A federal judge said Thursday that there may be “probable cause” to believe that FTX founder Sam Bankman-Fried engaged in attempted witness tampering and other activities that could land him in jail.
There “may very well be probable cause to believe that he has committed or attempted to commit a federal felony while on release, namely witness tampering or attempted witness tampering,” Judge Lewis Kaplan said at Bankman-Fried’s bail hearing in New York.
Kaplan even suggested that Bankman-Fried, the failed crypto entrepreneur who’s pleaded not guilty to federal fraud and conspiracy charges, could be yanked from his parents’ home in Palo Alto, California, and placed in jail. He noted this was not a bail revocation hearing “but could get there, conceivably.”
Prosecutors have asked Kaplan to significantly restrict Bankman-Fried’s use of cellphones, computers and the internet. They allege that Bankman-Fried found “loopholes” that allowed him to potentially violate the conditions of his bail, including use of a VPN, or virtual private network.
That request came two weeks after prosecutors said Bankman-Fried contacted a former FTX employee who is a potential government witness, prompting Kaplan to temporarily bar the former CEO from contacting any current or former employees of his now-collapsed crypto empire.
“There is now a record before the Court of a defendant who appears motivated to circumvent monitoring and find loopholes in existing bail conditions,” prosecutors said in a letter to the judge Wednesday.
At the hearing Thursday, Kaplan suggested it was naïve to believe that restricting Bankman-Fried’s access to the internet or monitoring his devices would stop him from using the internet, noting that Bankman-Fried’s parents, two Stanford Law professors, have laptops and cellphones.
Prosecutor Nicholas Roos acknowledged, “I don’t know that there’s a great solution.”
“There is a solution, but it’s not one anybody has proposed yet,” the judge said, implying the bail could be revoked.
Bankman-Fried’s attorney Mark Cohen told the judge they agreed for the need for additional conditions but asked for leniency.
“My client understands what’s at stake here. He’s literally on trial for his life,” Cohen said. “We need him to work on this defense. We cannot go through these extensive financial records without him.”
The judge proposed the defense pay for a security expert who would work exclusively for the judge to advise him on VPNs and other technical matters. He gave the attorney until Tuesday to come back with a proposal.
“We understand your comment today, your honor, that there is no margin for error,” Cohen said.
Long road to trial
Bankman-Fried, 30, pleaded not guilty last month to eight federal counts of fraud and conspiracy. He has repeatedly acknowledged missteps as the head of crypto trading platform FTX, but denies committing fraud.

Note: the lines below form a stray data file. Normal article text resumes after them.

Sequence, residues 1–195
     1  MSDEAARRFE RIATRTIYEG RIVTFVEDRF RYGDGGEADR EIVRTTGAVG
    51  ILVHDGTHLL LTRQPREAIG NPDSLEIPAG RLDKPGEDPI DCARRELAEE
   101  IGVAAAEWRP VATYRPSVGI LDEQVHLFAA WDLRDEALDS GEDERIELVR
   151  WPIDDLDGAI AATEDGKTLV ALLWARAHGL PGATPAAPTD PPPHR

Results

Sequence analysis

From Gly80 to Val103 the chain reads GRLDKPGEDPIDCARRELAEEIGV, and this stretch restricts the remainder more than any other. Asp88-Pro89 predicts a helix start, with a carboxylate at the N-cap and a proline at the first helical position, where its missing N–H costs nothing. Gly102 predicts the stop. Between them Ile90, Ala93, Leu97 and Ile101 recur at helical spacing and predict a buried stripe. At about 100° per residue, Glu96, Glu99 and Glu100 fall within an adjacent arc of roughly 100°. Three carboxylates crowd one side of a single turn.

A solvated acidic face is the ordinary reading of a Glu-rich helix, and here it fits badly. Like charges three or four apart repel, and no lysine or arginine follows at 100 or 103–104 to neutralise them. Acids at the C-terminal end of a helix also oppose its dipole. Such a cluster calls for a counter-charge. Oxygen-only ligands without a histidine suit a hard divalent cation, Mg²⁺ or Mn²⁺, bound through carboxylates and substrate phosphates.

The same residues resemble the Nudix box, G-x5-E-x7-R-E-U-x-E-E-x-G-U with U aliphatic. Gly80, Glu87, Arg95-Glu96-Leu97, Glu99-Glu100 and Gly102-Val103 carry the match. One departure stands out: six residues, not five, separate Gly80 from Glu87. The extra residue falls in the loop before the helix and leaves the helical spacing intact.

Prosecutors say Bankman-Fried oversaw one of the largest financial frauds in American history, stealing customer deposits to fund political donations, luxury real estate deals and cover losses incurred by his crypto hedge fund, Alameda.
After his arrest in December, Bankman-Fried was released on a $250 million bond. He is under house arrest at his parents’ home while he awaits trial in October. If convicted on all counts, he could face up to 115 years in prison.
In a letter to Judge Kaplan on Wedesday, prosecutors proposed limiting Bankman-Fried’s use of electronic devices to prepare for trial, allowing only a Gmail account, voice calls and text messaging. He could use Zoom to communicate with this attorneys, they said.
They also asked the judge to limit Bankman-Fried to one computer and one cellphone, both of which would have monitoring systems. He would also have to make his devices available for search if there is a suspicion that he deviated from the bail conditions.
Prosecutors noted Bankman-Fried chose to use a VPN to watch the Super Bowl, even though it was readily available to watch in the United States. Although VPNs aren’t uncommon, they can be used to disguise a computer’s location and conceal online activities.
Bankman-Fried’s attorneys said their client used a VPN only to watch postseason NFL games through an international subscription he’d previously purchased while living in the Bahamas.
Overcrowded jail vs. cushy California home
Revoking bail would land Bankman-Fried in a New York jail, a far cry from his parents’ multimillion-dollar California home near the Stanford University campus.
Typically, a court will impose further restrictions before revoking bail, said Howard Fischer, a partner at Moses Singer, who is not involved in the case.
“Bankman-Fried does not seem to have a sense of the seriousness of his situation,” he said, citing the former billionaire’s frequent public statements and engagement with media.
“For someone facing considerable jail time, he seems to be very confident in his ability to talk his way out of trouble,” Fischer added.